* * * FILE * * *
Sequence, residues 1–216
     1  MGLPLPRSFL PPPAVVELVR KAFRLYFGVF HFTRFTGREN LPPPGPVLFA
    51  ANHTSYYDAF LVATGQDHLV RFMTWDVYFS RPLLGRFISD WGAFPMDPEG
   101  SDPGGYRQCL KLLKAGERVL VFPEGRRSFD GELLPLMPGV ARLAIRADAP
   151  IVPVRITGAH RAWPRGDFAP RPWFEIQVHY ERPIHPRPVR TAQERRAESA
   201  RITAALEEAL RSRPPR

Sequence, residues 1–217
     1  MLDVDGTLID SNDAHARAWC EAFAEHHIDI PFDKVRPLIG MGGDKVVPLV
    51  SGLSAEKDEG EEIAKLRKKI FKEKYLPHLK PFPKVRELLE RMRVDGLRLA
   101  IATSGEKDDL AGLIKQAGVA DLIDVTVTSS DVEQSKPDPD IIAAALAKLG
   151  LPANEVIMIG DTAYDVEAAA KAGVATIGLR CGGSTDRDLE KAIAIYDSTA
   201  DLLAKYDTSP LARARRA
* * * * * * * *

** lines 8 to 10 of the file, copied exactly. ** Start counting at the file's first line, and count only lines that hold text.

     1  MLDVDGTLID SNDAHARAWC EAFAEHHIDI PFDKVRPLIG MGGDKVVPLV
    51  SGLSAEKDEG EEIAKLRKKI FKEKYLPHLK PFPKVRELLE RMRVDGLRLA
   101  IATSGEKDDL AGLIKQAGVA DLIDVTVTSS DVEQSKPDPD IIAAALAKLG